National Council on Teacher Quality Affirms Me on Colorado's Race to the Top
No need for me to rehash my concerns about Governor Bill Ritter’s Council on Educator Effectiveness. My views hardly have changed over the weekend.
But since I have to wake up on a Monday morning, the only thing better than a snow day is seeing my views validated by an important expert group like the National Council on Teacher Quality (NCTQ). They just released a report on the 16 Race to the Top finalist states, analyzing their proposals on the “Great Teachers and Leaders” section — which just so happens to be the weightiest single piece of RTT.
The report, titled Navigating the Race to the Top Traffic Jam (PDF), uses traffic signal lights to describe whether a state deserves to Go forward on its reform plan, to Proceed with Caution, or to Stop and try again.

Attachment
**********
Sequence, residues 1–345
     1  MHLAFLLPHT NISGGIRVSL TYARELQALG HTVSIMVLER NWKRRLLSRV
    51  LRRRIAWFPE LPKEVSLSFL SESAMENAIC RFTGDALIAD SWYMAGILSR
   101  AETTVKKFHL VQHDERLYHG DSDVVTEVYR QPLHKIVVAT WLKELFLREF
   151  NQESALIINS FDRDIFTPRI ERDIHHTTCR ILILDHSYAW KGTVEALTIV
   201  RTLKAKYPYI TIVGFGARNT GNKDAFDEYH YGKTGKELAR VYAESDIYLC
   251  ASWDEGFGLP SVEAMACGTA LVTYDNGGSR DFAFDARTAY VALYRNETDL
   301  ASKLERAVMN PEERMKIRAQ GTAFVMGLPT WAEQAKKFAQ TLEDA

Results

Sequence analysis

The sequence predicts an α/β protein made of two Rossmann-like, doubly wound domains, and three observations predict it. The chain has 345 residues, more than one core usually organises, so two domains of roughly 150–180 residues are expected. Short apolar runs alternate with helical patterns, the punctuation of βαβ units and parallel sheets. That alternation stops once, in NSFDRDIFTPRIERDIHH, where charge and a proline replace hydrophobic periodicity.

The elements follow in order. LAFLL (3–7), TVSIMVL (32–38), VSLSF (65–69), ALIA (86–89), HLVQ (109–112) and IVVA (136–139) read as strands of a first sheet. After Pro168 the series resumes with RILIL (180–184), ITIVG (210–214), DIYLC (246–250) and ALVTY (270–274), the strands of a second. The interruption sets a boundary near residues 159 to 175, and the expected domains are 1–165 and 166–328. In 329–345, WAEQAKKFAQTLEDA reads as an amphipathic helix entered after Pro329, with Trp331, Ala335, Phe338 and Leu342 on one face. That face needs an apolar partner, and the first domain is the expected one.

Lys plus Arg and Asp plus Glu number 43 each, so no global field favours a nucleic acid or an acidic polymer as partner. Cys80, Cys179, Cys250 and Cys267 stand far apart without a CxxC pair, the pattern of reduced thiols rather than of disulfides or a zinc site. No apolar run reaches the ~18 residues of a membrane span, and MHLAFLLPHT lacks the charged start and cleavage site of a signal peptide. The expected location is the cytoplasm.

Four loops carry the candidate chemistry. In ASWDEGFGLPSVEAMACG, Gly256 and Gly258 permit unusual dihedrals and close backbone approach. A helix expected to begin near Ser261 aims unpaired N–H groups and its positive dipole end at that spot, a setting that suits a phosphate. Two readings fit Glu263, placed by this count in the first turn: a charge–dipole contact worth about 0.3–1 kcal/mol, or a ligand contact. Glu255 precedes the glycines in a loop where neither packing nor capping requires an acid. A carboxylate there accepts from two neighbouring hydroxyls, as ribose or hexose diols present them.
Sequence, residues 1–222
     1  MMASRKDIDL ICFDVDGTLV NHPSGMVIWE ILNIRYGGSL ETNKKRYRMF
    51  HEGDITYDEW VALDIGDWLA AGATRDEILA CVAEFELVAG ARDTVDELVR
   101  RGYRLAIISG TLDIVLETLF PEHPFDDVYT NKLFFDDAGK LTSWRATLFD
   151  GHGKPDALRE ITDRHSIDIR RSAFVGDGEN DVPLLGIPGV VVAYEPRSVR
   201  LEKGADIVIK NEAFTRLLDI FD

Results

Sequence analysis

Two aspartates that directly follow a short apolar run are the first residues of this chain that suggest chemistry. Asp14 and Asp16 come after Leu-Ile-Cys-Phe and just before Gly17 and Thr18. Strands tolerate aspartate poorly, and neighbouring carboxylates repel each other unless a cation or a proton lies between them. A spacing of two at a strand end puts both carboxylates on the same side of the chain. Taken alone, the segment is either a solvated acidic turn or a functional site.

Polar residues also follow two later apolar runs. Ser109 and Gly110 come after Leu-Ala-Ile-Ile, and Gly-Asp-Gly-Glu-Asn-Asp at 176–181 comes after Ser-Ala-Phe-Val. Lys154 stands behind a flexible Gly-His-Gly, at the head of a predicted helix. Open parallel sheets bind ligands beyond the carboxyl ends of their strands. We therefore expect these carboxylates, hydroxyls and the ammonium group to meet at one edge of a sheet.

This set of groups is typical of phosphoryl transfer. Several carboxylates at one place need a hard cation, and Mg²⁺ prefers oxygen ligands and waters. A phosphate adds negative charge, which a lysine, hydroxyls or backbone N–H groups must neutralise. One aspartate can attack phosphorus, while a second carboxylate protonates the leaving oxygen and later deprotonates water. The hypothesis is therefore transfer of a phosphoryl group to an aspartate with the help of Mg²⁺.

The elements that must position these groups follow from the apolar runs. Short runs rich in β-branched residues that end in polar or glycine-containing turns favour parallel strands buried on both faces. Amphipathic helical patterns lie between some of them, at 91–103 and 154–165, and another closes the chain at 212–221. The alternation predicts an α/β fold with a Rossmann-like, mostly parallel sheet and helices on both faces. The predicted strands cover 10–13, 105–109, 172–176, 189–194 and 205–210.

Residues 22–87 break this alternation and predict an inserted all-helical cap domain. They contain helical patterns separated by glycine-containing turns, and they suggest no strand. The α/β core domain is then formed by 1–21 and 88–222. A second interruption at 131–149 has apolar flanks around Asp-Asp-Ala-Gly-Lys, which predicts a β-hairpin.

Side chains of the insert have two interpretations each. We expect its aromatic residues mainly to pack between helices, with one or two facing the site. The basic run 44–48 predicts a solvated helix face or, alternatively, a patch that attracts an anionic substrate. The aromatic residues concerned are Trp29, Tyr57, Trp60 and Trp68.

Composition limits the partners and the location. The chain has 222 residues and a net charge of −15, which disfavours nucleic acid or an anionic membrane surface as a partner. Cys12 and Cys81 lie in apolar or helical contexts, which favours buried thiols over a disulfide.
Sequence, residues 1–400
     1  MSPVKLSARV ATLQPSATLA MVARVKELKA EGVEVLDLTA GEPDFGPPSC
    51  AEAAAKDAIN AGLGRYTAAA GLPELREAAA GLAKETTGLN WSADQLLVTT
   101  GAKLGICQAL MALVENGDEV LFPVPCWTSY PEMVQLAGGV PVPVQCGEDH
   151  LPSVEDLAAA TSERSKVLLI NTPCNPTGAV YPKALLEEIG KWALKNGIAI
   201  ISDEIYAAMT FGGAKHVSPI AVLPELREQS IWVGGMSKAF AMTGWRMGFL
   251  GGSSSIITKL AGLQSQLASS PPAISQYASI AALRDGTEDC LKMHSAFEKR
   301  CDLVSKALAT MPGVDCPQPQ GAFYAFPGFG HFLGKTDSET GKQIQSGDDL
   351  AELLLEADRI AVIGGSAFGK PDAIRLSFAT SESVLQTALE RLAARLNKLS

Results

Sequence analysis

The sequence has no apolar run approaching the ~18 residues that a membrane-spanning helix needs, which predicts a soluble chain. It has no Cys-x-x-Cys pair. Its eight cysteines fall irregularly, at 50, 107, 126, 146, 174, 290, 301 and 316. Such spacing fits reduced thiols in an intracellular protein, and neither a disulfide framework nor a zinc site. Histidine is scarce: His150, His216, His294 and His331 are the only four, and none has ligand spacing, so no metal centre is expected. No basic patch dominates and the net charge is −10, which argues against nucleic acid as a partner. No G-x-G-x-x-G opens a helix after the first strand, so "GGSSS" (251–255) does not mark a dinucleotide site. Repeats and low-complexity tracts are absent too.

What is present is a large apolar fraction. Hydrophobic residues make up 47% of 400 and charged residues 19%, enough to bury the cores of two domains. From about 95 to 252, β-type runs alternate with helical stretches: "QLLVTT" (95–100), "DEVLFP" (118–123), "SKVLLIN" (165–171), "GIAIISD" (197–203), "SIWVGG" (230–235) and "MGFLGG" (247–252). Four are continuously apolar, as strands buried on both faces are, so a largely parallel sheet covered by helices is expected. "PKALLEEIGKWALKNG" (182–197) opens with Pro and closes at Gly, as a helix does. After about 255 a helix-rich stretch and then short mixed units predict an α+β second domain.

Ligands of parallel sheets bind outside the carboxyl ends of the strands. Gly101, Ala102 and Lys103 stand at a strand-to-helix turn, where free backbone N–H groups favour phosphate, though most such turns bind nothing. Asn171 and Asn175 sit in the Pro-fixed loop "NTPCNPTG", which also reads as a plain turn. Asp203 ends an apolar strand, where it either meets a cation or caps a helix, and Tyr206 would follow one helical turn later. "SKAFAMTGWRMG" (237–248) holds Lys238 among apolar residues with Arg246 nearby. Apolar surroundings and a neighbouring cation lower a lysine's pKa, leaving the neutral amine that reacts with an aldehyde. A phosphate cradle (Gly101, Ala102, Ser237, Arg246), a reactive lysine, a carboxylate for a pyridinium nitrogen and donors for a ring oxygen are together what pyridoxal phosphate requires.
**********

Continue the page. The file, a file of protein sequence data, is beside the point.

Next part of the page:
Colorado’s $377 million proposal received a yellow light of caution from NCTQ. After noting that our state has set some good, clear goals for improving teacher evaluations and reforming compensation and retention policies, NCTQ highlights the downside:
The big weakness in this proposal is that it makes no commitment to statewide changes to compensation, tenure and dismissal policies. Colorado promises recommendations from the Governor’s Council by September 2011. But recommendations down the road are not the same as adopting policies now.
I said I wasn’t going to rehash my issues with Colorado’s could-be-stronger RTT proposal. So I let someone with greater weight and authority do it for me. It will be interesting to see just how much the federal grant program contributes to badly-needed reforms of our K-12 system, and how much perpetuates the status quo.